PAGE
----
So, What Should My Son Be Doing About Long Toss?



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  1. Mark Cantrall says:

    Hey Coach Lantz, My 17 year old son does his long toss program that was developed by Alan Jaeger . Arm circles, band work, a few check drills, and long toss itself, followed by a little running. We live in an area where it can get pretty cold, so my son determined that 40 degrees is the lowest temperature he throws in . We have two buckets one empty, and the other full of baseballs. Once I get out of my range to return his throws, around 125′, I’ll start putting the balls he throws to me in a bucket . I work my way back to whatever he can handle, around 250″, and then back in to 60′. He will arc the ball at the longer distances going out, but try to keep it on a line coming in . When I’m catching the last few throws I have to make SURE that I catch the ball in the webbing because he’s bringing it pretty good . All the time making sure good mechanics are adhered to . By the way I love your comment ” focus on intent” . M.C.

  2. Eric says:

    Thanks Coach. With all the technology available, I feel like it is very easy to slip into a micro-micro-managing of every muscular movement of pitching and throwing. The appearance of precision leads to the actions of making sure the pitcher/thrower is precisely right in their actions.

    Just throw! is my coaching/having a catch philosphy now. Not that is wasn’t previously but I got caught up in the mechanical precision over the intent to throw hard. I now tell my own kids to throw the ball hard(er) when we have a catch and I try to have warm-up catches with players and tell them to throw the ball hard to me when having a catch with Coach. “The day you throw so hard that I don’t want to have a catch with you is the best day of my coaching life.”

    • Lantz says:


      Very well said! I took the same route, I think it’s part of the coaching cycle. “Be the guy, nobody wants to throw with!”



  3. James says:

    The ASMI conducted a study of long toss and its effects on pitchers and found that not only is long toss of no benefit to pitchers, it can cause injuries.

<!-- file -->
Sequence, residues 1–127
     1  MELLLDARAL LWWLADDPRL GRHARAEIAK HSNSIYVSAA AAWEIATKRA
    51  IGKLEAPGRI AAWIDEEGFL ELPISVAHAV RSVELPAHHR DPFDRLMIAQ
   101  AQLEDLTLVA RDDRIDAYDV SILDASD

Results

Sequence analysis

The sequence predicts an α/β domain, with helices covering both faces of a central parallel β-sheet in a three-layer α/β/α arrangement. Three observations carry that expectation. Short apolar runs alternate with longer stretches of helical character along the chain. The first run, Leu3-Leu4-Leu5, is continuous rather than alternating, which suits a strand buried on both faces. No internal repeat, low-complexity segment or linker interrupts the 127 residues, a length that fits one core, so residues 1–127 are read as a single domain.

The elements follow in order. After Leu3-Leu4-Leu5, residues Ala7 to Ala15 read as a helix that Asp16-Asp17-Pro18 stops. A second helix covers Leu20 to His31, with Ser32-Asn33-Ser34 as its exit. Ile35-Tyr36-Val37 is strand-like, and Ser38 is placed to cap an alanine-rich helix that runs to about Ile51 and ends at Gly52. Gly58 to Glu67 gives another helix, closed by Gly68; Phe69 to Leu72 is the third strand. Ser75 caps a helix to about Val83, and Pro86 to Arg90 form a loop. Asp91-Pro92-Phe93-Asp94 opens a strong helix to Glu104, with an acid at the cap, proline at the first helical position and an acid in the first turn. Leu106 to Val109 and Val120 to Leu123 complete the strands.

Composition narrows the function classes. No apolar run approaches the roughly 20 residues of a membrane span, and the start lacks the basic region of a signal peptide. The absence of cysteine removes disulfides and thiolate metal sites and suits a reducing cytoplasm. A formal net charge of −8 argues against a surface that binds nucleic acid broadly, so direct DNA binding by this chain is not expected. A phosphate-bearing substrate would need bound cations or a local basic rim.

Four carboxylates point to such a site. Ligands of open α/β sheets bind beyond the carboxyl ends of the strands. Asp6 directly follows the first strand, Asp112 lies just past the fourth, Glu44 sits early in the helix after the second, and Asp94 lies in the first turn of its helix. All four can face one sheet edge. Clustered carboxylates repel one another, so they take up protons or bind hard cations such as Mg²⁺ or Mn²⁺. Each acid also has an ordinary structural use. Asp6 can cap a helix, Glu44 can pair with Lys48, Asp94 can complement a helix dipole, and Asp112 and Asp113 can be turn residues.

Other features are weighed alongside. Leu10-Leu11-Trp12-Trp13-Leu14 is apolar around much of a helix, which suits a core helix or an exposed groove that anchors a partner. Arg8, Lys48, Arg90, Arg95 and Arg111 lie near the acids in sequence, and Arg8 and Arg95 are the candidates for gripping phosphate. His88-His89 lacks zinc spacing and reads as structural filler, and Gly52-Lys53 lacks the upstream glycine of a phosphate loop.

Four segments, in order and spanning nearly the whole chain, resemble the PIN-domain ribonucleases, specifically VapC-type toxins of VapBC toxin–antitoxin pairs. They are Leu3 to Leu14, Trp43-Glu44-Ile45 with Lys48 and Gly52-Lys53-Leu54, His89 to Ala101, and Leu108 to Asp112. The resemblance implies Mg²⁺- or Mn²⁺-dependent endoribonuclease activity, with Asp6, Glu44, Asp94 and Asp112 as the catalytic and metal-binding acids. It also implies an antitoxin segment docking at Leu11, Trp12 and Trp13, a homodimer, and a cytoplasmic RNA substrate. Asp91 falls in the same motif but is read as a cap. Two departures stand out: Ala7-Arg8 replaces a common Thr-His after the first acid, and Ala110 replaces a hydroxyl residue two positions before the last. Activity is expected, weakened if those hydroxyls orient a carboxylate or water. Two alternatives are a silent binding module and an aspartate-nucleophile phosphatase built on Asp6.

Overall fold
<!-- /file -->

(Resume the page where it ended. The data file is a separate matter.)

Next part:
Long toss puts emphasis of pitching on arm strength and pitching has nothing to do with arm strength. The trunk delivers the arm. Since pitching is a highly specialized skilled activity, why don’t pitchers practice from the mound where they will be pitching from in games? Would it make sense for swimmers to row a boat to train? Use the large muscles of the body to deliver the smaller ones. Pitching is nothing more than a kinetic chain. Learn how the chain works and you will develop explosiveness, smoothness and timing of all the parts.

    Correct mechanical problems while video taping. But if you don’t know what mechanical faults to look for or how to identify them, what good is a video camera? If your pitching coach doesn’t use a video camera, go somewhere else that does.

    • Lantz says:

      Hey James,

      Or shall I call you Dick Mills? Just kidding. Throwing a baseball has an inherent risk for injury. I don’t necessarily believe that throwing long places you at a higher risk for injury. I would disagree with your comment on arm strength. If you don’t have the necessary arm strength, you probably won’t get many chances to pitch as you progress in levels, unfortunate, but true. Velocity gives players more room for error and sooner or later, every pitcher is gauged by the gun.

      I think a point worth discussing, is that you have to throw to pitch. I think that’s where most players miss the “boat”. Video taping is a valuable tool but only if used in conjunction with other tools. As coaches, we have a tendency to “see what we want to see”, if the player doesn’t see it, it’s not happening. I advocate using video daily, but their are some side effects to video analysis as well.

      Thanks again for commenting.


    • Lantz says:


      You mentioned explosiveness, I’m guessing you are referring to power, correct? What is power, strength + speed? The kinetic chain you are referring to requires stability and mobility. Again, another aspect of strength.

  4. James says:

    Arm strength has nothing to do with pitching velocity. If it did, Hulk Hogan would be throwing 200 mph and Lincecum and Chapman couldn’t get the ball to the plate. And certainly my 14 year old son wouldn’t be throwing 83 mph.

    I know you mean well, Lantz, but your beliefs aren’t based on scientific facts.

    • Lantz says: